[Histonet] anti-GFP

Gayle Callis gayle.callis <@t> bresnan.net
Tue Nov 18 15:02:49 CST 2008

Thanks Teri,

We prefer to use Goat antiGFP-biotinylated.  This allows us to come back 
with Molecular Probes Streptavidin-Alexa 488 and eliminates any secondary. 
Be careful though, endogenous biotin can bite you on this one.    One has to 
use an avidin/biotin block, and we now use Vectors Streptavidin-biotin 
block, as this has some special considerations that SA binds to some 
addressins and epithelial cells.  This is in the literature.

Our protocol is simple, since we do not work with NBF or PFA fixed tissue- 
only fresh snap frozen tissue sections,  and avoid any antigen retrieval. 
Our solvent fixation ruins GFP  fluorescence which means immunostaining for 
the GFP.  We rarely use antiGFP to detect just GFP, but always as a double 
IFA stain with a murine CD marker or some other marker.

Rockland is an excellent source for antibodies against GFP but also for Red 
Fluorescent Protein (DsRed from Discosoma sp. - hope I spelled that 
correctly).  This can be confusing since one of the chimeras of GFP is also 
called RFP, from Aqueora jellyfish.  Be careful when shopping for these 

I would like to see Sharon's protocol too.

Gayle M. Callis

----- Original Message ----- 
From: "Johnson, Teri" <TJJ <@t> Stowers-Institute.org>
To: "'Gayle Callis'" <gayle.callis <@t> bresnan.net>; "MaryAnn Dixon" 
<DixonM <@t> vetmed.ufl.edu>; <histonet <@t> lists.utsouthwestern.edu>
Cc: "Beckham, Sharon" <SLB <@t> Stowers-Institute.org>
Sent: Tuesday, November 18, 2008 10:24 AM
Subject: RE: [Histonet] anti-GFP

Thanks for the nod Gayle. We've converted to Rockland goat anti-GFP after 
having some reproducibility issues with the rabbit polyclonal we were using 
from Novus.

I agree with your recommendation to use an indirect IHC method to increase 
the signal. If she's using a rabbit anti-GFP/Alexa 488 she can still come 
back with an anti-rabbit Alexa 488 and see if that increases the signal that 
way. She might also try a biotinylated anti-rabbit, and come back with a 
Streptavidin Alexa 488. I so do not like FITC, have watched it photobleach 
as I was viewing it.

I will leave it to my IHC Specialist to give the details of her experience 
with using the Rockland goat antibody. I think it works equally well using 
antigen retrieval or Proteinase K on formalin fixed paraffin embedded animal 
tissues. And she's used it both with the goat polymer kit and regular 
anti-goat Alexa 488.

Sharon, care to elaborate on the details of your staining protocols?


-----Original Message-----
From: Gayle Callis [mailto:gayle.callis <@t> bresnan.net]
Sent: Tuesday, November 18, 2008 11:04 AM
To: MaryAnn Dixon; histonet <@t> lists.utsouthwestern.edu
Cc: Johnson, Teri
Subject: Re: [Histonet] anti-GFP

The problem may be that you are using a directly conjugated antiGFP rather 
than a rabbit antiGFP followed by coming back with a secondary conjugated to 
Alea Fluor 488.  This is called quenching, a phenomenom, where fluorophore 
moleculas too close together on cells or in tissues tend to cancel out the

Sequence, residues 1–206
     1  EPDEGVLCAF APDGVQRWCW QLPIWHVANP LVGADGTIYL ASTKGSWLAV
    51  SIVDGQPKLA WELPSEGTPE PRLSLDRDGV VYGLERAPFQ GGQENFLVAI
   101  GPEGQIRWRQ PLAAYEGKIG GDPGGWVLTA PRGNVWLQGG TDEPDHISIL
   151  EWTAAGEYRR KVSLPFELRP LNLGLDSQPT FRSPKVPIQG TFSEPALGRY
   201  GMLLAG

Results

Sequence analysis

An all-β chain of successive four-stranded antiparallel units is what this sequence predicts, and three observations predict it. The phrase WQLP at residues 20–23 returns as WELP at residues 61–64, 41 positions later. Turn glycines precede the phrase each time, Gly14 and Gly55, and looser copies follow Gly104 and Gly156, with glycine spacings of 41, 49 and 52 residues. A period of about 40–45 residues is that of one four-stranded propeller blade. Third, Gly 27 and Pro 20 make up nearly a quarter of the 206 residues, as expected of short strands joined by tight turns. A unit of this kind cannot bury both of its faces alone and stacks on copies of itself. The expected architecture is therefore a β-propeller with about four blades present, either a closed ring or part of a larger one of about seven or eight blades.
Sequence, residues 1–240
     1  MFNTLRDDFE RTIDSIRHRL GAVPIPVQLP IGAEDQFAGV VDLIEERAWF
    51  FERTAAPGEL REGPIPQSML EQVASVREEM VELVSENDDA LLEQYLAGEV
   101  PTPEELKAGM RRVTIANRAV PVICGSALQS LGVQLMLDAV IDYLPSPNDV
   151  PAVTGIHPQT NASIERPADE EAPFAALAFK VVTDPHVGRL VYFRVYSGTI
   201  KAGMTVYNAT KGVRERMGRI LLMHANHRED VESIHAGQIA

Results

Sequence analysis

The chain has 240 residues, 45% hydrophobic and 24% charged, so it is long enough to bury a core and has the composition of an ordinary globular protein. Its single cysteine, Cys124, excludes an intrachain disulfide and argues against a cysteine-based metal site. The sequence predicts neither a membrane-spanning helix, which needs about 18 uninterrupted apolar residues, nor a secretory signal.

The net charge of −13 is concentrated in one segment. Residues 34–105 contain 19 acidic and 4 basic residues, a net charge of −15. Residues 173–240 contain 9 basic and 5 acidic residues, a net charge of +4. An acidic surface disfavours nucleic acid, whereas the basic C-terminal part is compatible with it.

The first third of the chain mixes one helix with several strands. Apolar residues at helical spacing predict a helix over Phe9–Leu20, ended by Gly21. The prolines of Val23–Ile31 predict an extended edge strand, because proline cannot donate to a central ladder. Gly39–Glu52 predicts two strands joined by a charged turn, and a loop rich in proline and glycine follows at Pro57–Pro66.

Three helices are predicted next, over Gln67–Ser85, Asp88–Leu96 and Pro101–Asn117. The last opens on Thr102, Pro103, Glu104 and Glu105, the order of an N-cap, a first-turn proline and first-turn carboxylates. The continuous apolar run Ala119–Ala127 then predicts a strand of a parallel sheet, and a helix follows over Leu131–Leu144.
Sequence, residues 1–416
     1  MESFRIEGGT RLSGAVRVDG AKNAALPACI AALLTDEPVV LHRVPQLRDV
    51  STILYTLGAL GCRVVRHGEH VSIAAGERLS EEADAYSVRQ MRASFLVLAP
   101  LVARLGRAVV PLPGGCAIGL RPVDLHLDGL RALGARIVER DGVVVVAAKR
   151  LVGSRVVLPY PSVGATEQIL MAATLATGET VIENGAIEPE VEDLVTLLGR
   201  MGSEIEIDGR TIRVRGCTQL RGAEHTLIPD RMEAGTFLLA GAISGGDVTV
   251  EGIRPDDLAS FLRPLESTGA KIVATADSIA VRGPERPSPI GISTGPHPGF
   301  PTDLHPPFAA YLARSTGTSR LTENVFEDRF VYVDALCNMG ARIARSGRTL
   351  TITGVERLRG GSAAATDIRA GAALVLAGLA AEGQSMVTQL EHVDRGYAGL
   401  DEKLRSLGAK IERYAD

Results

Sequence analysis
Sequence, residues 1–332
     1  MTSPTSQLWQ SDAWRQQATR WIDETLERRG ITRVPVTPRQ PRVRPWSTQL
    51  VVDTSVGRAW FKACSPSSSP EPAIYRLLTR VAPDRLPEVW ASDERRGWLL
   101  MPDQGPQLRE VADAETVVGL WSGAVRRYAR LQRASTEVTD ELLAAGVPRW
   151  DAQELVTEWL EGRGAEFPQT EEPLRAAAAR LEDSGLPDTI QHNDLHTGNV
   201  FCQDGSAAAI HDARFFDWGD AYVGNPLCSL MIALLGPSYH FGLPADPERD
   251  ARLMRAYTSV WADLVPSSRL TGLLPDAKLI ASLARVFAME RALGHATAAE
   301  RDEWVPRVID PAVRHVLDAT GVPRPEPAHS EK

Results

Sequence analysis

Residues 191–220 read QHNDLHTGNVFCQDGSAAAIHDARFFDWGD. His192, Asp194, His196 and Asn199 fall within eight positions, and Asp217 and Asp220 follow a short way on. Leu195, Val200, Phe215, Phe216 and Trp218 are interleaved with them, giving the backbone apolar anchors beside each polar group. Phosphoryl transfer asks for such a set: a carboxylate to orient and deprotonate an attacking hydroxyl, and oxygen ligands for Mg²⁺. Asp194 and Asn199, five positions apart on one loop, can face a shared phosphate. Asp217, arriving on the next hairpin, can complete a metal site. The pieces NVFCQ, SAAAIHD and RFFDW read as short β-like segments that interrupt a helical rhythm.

fluorecsing ability of the fluorophore.  You should go onto internet and 
look at a fluorescence Jablonski diagram which show how this occurs, Olympus 
website also wonderful discussions in pdf form, for all fluorescence 
applications, including this diagram - for confocal and fluorescent 

I suggest you stain for GFP (Teri Johnson method) where you retrieve, use a 
rabbit antiGFP, then come back with a secondary either conjugated to FITC 
(Jackson has excellent antibodies, or one of the Cy fluorophores, or better
yet, Goat antirabbit-Alexa 488.   Be sure you use Molecular Probes Prolong
gold antifade mounting media after staining - this is superior for 
preventing fading of fluorophores, even 488.  Not all aqueous mounting 
medias will prevent fading of fluorophores, even the Alexa dyes.

  Teri recommends rabbit antiGFP rather than Goat antiGFP for paraffin work, 
as the rabbit hosted antibody gave less background than the goat antiGFP.

One can also purchase Rabbit antiGFP from Rockland.

I made a CC to Teri Johnson so she is in this email loop.  You may want to 
discuss this problem with her, and what antigen recovery method she prefers.

If worse comes to worse, and you can't afford another antibody, use the 
antiGFP-488, come back with an antiAlexa 488 (Molecular Probes) and detect 
that antibody with an antibody that has FITC, or the appropriate 
fluorophore.  A round about way, but the same type of technic used to detect 

Gayle M. Callis

----- Original Message -----
From: "MaryAnn Dixon" <DixonM <@t> vetmed.ufl.edu>
To: <histonet <@t> lists.utsouthwestern.edu>
Sent: Tuesday, November 18, 2008 9:19 AM
Subject: [Histonet] anti-GFP

Hi histonetters,

I stumbled into immunofluorescence for the first time and could use some 
advice.  I am trying to stain GFP on formalin fixed paraffin embedded 
sections.  I have a conjugated alexa fluor 488 anti-gfp antibody from 
invitrogen that I've now found out was not tested on paraffin sections. I 
have seen articles supporting and denying that it works. In addition, do I 
retrieve or not as again, I've seen literature supporting both. Moreover, 
one article cut sections at 12 microns.  My protocol for my first run 
consisted of a protein block for 10 minutes, blowing off, 1:400 of the 
conjugated alexa fluor 488 ant-gfp antibody for 1 hour at room temp., buffer 
rinse, DI water rinse, aqueous mounting medium, and coverslip.  To my best 
ability I performed everything in the dark.  The results were that I had no 
fluorescing whatsoever!!  Any help would be appreciated.

MaryAnn Dixon  BS

Biological Scientist

Anatomic Pathology

UF Veterinary Medical Center

(352) 392-2235 Ext. 4517

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